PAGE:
We would like to think that expository preaching will produce biblical worship and ordinate affection, but it will not do so by itself for a simple reason: Scriptural truth is properly learned in the context of a right Christian culture. That culture, when handed down, is a tradition. Just as no one comes to the doctrine of the Trinity without inheriting that understanding from the church triumphant, so no one will understand “reverence and awe” without inheriting that understanding from the worship of the church triumphant. No one “thinks up” the hypostatic union by just doing sentence diagrams of John 1:1, and no one comes to a right understanding of “rejoice in the Lord” without seeing ordinate joy modeled by other believers. A right Christology is built on the shoulders of the church triumphant, and a right joy in Christ is built on the shoulders of the church triumphant. To argue that expository preaching is sufficient to right application is to ignore the relationship that Christian doctrine has always had with Christian practice, and therefore, Christian tradition. Right doctrine modifies and corrects the tradition. Tradition gives balance, context and correction to the doctrine. The two are simultaneous tools for Christian living.

Scriptural truth is properly learned in the context of a right Christian culture.

Tradition is not authoritative, Scripture is. But Scripture is interpreted with the help of the Spirit’s work in past believers as well as present ones. Whether we are talking about a right understanding of salvation by grace, or what it means to be of a contrite heart, we do not ignore what the church has said, sung, or prayed when we examine the Scriptures for ourselves. What is being done today to the tradition of worship in the West is the worship equivalent of rejecting all the doctrinal work done in Nicea, Constantinople, Chalcedon, Augsburg, Westminster, and New Hampshire, and re-formulating the doctrine of the Trinity from scratch, just to “contextualize it for moderns.” In fact, that’s exactly what some do. Sadly, many conservative evangelicals are guilty of the same deconstructionism in the area of worship.

All the more reason for Christian leaders to connect with our Christian heritage. If we do not understand what the church has meant by loving God, we will probably complement that propositional truth with an affective idea that is a sentimental, or brutal, or sensual, which will be idolatry. And worse, our people will be certain that their idolatry is pleasing to God, since it is done in a church committed to expository preaching.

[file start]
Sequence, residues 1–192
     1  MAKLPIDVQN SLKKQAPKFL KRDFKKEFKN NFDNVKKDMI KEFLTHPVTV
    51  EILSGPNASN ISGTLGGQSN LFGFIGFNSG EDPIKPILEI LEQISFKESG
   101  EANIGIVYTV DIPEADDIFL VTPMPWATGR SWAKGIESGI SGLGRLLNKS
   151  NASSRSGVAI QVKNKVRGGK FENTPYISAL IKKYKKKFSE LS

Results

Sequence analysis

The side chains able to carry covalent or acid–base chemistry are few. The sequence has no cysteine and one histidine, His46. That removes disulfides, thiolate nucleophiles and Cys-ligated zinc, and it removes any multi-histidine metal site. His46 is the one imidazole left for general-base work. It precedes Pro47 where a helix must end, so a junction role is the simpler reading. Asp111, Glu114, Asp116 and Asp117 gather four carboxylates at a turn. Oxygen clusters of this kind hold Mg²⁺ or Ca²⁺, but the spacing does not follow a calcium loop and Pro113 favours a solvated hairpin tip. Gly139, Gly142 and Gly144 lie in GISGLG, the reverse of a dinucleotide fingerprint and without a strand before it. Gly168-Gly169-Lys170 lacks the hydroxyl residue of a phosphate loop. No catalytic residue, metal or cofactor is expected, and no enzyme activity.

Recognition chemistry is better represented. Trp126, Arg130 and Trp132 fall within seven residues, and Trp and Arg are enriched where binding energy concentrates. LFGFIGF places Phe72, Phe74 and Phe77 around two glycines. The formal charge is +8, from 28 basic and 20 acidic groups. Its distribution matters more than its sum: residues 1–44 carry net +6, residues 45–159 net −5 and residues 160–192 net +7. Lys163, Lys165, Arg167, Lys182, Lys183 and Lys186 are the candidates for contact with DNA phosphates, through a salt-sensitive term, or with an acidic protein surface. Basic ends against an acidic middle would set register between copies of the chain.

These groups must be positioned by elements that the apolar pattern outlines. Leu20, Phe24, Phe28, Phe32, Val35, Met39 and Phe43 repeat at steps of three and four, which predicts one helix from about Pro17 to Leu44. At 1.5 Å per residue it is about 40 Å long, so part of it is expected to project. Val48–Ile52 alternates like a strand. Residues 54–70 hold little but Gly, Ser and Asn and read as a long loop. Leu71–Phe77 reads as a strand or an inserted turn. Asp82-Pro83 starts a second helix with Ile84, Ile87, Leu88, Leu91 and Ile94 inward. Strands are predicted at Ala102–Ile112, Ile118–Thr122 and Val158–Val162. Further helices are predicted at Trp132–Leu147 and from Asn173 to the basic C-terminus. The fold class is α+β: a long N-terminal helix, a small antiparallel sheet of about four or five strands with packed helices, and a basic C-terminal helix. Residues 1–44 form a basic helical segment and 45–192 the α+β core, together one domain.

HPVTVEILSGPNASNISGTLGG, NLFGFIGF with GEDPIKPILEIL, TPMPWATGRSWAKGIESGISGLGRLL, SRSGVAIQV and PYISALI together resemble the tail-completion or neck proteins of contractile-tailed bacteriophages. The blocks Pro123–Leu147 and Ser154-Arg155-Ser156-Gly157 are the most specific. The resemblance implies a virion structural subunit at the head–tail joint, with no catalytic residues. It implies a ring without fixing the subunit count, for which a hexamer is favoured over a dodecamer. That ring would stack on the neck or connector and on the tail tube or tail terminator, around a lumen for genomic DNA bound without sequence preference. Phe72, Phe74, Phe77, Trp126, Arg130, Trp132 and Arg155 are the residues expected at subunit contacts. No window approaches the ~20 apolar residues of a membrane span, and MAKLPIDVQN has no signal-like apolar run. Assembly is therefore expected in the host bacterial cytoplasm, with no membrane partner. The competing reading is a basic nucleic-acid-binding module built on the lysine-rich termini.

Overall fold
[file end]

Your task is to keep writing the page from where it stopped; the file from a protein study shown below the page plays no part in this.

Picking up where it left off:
Expositional preaching requires a living context to be understood. While the Holy Spirit is powerful enough to make the right applications to a completely blinded heart, he usually uses the natural means of family, church, and human culture to give a context to truth. Barring common grace, much in modern culture is useless for teaching the right application of Scripture. That leaves redeemed families and gospel churches to put flesh on the bones of expository sermons.

If we make the wrong applications in our own worship services, our devotion to expository preaching will be a tragic exercise of depending on one essential to provide all that is necessary for healthy Christianity.

If we make the wrong applications in our own worship services, our devotion to expository preaching will be a tragic exercise of depending on one essential to provide all that is necessary for healthy Christianity.

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David de Bruyn

Pastor New Covenant Baptist Church, Johannesburg, South Africa

David de Bruyn was born in Johannesburg, South Africa, where he now pastors New Covenant Baptist Church and resides with his wife and three children. He is a graduate of Central Baptist Theological Seminary in Minnesota and the University of South Africa (D.Th.). David hosts a weekly radio program that is heard throughout much of central South Africa, serves as a frequent conference speaker, and is a lecturer at Shepherds Seminary Africa.